The Take Away

  • Refreshingly funny script by MJ Kaufman that provokes important questions while avoiding resolution.

  • Strong performances by the ensemble in a number of different roles.

  • Effective design choices, if sometimes lacking in specificity

  • A cast of all female and non-binary performers raises questions about who is responsible for bringing problems of toxic masculinity to light.

 

In Our Pockets

 

Nan

I know several people in the show; I haven’t worked at InterAct but I’ve auditioned more than once, and I really was not a fan of Broken Stones this fall.

 

C

I also knew a few people involved in the show, both performers and members of the creative team. I’ve seen several shows at Interact over the years, some of which I’ve loved and others I’ve not been crazy about.

 

Design

Nan

I thought the set dressing was really lovely– between the plant and the student notices papering the door, there was a lot to add color to a show which didn’t really have or need any set pieces. The set itself was simple and totally did the job. I appreciated the sneaky upstage entryways which weren’t really “doors” in the room, but enabled them to enter and exit more than one way.

 

C

Agreed. I felt the same way about the small cabinets under the bookshelves that helped facilitate quick-changes. I also thought the set succeeded in creating a recognizable prestigious-college atmosphere. I especially loved the portrait of the college’s founder (an old white man, naturally) hovering above the action.

 

Nan

For sure. They didn’t need a lot of objects to build the atmosphere. The placement of the old white man in a major focal point was also really wise! The sound design was fun but kinda took me out of it– that mix tape style of riot grrl tracks? But on the other hand I also would rather have that than orchestral, atmospheric music.

 

C

Yeah, I hear that. I think that the music choices grew on me as the show went on–I appreciated that they accompanied these kind of fun and really well-choreographed transitions between scenes and characters. But it took some getting used to.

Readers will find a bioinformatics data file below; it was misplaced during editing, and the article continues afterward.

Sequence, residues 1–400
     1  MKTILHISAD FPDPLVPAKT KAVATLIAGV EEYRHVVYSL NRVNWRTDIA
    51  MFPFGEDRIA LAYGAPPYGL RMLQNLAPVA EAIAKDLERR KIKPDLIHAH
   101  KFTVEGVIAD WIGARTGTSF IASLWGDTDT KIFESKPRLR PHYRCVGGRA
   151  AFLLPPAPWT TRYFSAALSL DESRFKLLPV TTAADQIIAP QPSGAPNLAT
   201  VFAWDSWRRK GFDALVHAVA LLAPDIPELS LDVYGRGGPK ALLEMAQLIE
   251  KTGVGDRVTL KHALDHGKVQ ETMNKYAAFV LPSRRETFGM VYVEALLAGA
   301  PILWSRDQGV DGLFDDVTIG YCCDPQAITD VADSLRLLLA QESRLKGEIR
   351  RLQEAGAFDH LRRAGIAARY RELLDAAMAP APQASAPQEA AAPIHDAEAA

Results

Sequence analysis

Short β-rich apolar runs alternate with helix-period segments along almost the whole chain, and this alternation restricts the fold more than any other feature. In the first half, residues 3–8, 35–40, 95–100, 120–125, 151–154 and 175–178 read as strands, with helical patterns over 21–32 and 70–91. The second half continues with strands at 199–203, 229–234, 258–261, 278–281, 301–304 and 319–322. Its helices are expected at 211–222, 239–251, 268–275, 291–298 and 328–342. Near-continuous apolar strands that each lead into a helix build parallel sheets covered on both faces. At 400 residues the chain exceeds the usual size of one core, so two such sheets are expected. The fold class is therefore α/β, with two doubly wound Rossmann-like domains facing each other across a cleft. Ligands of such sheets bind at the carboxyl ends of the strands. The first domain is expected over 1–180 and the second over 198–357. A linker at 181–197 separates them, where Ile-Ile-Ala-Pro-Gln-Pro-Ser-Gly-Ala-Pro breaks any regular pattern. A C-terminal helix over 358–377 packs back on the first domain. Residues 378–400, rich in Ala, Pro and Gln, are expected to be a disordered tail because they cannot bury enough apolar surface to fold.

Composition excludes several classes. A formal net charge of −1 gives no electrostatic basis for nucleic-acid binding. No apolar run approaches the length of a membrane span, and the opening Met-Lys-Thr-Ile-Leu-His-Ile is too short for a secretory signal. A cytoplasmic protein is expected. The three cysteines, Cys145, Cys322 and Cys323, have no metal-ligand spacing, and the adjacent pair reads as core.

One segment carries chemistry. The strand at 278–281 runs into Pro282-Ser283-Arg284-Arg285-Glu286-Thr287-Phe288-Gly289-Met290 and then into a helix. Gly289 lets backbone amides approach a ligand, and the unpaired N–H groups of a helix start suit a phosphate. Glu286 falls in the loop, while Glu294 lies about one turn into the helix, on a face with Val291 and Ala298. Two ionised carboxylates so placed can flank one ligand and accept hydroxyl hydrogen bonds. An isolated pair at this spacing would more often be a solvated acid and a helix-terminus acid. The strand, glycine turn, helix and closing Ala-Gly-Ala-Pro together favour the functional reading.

I also really liked the overall look of the transitions, especially Maria Shaplin’s lights. They helped kind of seal in each vignette and then push us into the next.

 

Nan

The transitions were really elegantly done. I appreciated that they tried to make something of them rather than just trying to move through them as fast as possible. They made a nice button between scenes.

 

C

Totally. The costumes were also all designed in a way that kept those moments really tight. I especially liked Emily Lynn’s skirt that they could kind of swirl off in their transition to their male character.

 

Nan

I appreciated that the costumes had a really difficult job in making each character totally distinct and also being easy to get off and on quickly, but there were a few that didn’t quite work for me, and Emily’s “Diana” role was one of them. Maybe it was mostly because they seemed so uncomfortable? But the hair stitched into the hat looked super unnatural as well. There also wasn’t quite enough differentiation between Lexie Braverman’s costumes for me.

 

C

I think that there’s a challenge in this show of trying to create a lot of distinct characters through costuming using only a handful of actors, and some were certainly more successful than others. I really likes the costuming for all the adult characters–i thought they felt more complete and specific.

Direction

Nan

I think it was pretty crucial they chose a nonwhite man to direct, though why they couldn’t find a woman or NB person of color I am not sure. Is there a less bitter way to say that?

 

C

I appreciate that there were a lot of female and non-binary voices on the creative team, but I hear you.

I think that this script is challenging in the way it tackles painful topics with subversive humor and satire.